In part because of this rigid gatekeeping, the story unravels slowly. While I’ll leave it to players to decide whether they like such a deliberately-paced adventure, I personally found it to drag unreasonably, especially in the first portion of the game. Another reason for this gradual progression is that there are two layers to the story. The first is the main storyline of going out into the world and finding the five lost treasures. The subplots, which end up taking more of your attention than the main adventure, involve delving into the rich and extremely dense backstory of Eselmir and this world.
These supplementary missions don’t feel like they have any bearing on your main objectives, although they do come together towards the end of the game and the information you learn serves in completing your primary goals. For instance, after talking to your father in his workshop, you are given the task of finding the missing pages of his diary, another ‘optional’ quest you really have to complete as it will provide helpful details about Eselmir’s earlier life. The information you find is interesting, and it eventually becomes relevant to the larger narrative arc, but at the time it feels like you’re being sent on a random scavenger hunt with no relevance to what you’re actually trying to do.
A large number of characters Eselmir encounters have their own personalities and motivations. As part of your quest to uncover the reason your lost love Jeselion was killed, you have to talk to the three other suitors who challenged you for her hand. Of the three, Xellbelard the Esquire is a rude and abrupt man, still angry over what he sees as you unfairly winning Jeselion’s love, while Elnhirazafool the Astronomer is at peace with her choice (and her death), knowing that he can’t change what has already happened. These sorts of characters are refreshing to talk to, quite different than the more standard fantasy characters who tend towards always being helpful.
One aspect that separates Eselmir from a lot of its contemporaries is its depth of lore. The game itself is derived from the fantasy saga Pirin by Sebastiano B. Brocchi. I’ve not read these novels, and I think that contributed to struggling to get my head around the dozens of names and events that are referenced here. There are over a dozen gods in this universe, each responsible for its own area: Ghaladar the Shining rules over light and thunder, for example. The gods are important to the story, though in various ways. Monusadah gives you your mission and helps you occasionally in times of crisis, while others like Ladin actively attempt to thwart your quest.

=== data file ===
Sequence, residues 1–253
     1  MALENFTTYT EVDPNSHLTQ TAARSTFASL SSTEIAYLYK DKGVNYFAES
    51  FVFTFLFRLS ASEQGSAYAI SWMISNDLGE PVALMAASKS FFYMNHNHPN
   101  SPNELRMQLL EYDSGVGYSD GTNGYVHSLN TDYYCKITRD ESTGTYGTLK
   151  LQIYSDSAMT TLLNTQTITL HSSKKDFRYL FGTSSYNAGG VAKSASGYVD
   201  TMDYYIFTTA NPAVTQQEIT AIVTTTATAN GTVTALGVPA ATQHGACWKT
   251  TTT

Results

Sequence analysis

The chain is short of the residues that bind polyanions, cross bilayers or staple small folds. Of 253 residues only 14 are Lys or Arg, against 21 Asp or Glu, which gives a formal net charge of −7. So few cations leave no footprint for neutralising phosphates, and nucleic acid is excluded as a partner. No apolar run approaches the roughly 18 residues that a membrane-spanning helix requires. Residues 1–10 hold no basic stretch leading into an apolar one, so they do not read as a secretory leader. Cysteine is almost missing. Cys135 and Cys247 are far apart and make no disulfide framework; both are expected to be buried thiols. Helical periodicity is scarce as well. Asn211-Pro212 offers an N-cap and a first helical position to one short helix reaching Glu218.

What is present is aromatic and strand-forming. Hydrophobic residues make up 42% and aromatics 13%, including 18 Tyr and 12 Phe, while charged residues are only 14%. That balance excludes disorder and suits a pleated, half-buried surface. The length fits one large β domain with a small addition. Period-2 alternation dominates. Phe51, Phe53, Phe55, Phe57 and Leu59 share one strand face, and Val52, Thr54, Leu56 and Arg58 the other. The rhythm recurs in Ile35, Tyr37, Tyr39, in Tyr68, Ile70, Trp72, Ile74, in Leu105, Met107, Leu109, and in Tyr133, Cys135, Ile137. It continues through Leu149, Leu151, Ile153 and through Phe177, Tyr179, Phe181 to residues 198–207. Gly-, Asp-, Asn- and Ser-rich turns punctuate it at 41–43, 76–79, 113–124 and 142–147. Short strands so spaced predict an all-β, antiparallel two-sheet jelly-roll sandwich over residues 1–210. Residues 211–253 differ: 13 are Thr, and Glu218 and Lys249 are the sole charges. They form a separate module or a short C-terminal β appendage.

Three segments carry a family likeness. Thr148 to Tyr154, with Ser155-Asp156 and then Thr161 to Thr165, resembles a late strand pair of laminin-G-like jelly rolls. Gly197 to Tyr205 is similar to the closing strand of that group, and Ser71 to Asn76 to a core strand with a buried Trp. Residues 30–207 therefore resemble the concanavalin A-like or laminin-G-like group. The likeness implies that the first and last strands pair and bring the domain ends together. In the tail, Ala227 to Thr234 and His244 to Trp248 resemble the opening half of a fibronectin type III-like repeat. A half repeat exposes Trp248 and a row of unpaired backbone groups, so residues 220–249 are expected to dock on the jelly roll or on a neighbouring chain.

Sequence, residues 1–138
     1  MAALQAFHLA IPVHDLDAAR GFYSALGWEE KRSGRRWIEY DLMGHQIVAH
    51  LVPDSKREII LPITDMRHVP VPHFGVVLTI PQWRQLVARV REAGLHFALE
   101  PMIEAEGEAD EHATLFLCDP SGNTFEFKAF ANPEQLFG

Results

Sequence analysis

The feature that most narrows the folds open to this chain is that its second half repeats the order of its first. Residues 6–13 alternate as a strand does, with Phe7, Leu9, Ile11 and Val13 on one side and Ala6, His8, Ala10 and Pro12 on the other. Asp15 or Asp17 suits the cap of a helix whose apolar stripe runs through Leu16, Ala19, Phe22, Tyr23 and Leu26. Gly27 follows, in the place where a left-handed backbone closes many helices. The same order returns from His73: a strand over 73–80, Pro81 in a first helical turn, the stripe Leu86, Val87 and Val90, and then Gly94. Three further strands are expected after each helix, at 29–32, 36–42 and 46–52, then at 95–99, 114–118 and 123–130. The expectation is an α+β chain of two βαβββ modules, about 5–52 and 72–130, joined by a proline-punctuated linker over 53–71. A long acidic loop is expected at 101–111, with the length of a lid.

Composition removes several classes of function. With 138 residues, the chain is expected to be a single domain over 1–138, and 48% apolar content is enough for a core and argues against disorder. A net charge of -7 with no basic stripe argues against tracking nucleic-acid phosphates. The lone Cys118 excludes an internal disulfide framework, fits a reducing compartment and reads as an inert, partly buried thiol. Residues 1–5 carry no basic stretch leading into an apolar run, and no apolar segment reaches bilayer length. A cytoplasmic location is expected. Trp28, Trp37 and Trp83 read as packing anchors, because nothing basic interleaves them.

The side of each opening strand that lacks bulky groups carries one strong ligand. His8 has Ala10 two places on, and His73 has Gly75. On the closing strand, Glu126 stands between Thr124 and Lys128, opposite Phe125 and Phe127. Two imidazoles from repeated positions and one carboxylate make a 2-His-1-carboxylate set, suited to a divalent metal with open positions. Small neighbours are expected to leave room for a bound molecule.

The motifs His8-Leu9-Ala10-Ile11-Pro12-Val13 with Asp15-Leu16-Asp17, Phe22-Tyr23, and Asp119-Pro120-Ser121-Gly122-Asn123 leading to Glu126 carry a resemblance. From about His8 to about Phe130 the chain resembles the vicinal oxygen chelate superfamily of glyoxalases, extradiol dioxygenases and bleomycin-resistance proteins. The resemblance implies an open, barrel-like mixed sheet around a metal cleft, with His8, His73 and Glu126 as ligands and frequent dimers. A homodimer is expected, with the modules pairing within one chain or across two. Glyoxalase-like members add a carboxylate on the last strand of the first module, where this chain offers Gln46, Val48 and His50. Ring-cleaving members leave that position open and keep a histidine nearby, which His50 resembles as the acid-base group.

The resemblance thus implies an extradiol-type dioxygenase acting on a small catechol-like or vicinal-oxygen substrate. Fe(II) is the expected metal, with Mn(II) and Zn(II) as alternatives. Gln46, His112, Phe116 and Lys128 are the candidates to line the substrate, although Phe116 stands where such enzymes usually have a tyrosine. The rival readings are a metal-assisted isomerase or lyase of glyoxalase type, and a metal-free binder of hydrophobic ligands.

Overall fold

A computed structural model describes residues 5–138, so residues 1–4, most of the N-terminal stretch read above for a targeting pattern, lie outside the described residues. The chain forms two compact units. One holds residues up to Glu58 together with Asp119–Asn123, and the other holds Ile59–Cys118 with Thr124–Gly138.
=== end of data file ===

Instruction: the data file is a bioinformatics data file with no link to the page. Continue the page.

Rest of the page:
While the depth of lore is commendable, it results in a copious amount of reading required. Very few conversations are short. It’s much more common to find yourself reading paragraphs of dialog that should have been written in a more accessible manner. Add to this the number of books, tomes and scrolls you have to pore over to gather clues on how to progress, some of which are a half-dozen pages or more in length. It can be daunting and could easily turn some players off altogether, especially as some of the heavy reading occurs in the opening portion of the game. I’d go so far as to suggest that the amount of reading required is a major reason Eselmir took me 15 hours to complete. The choice of script-style font is questionable too, as it can be a little difficult to read, especially when there are large blocks of text to get through.Continued on the next page...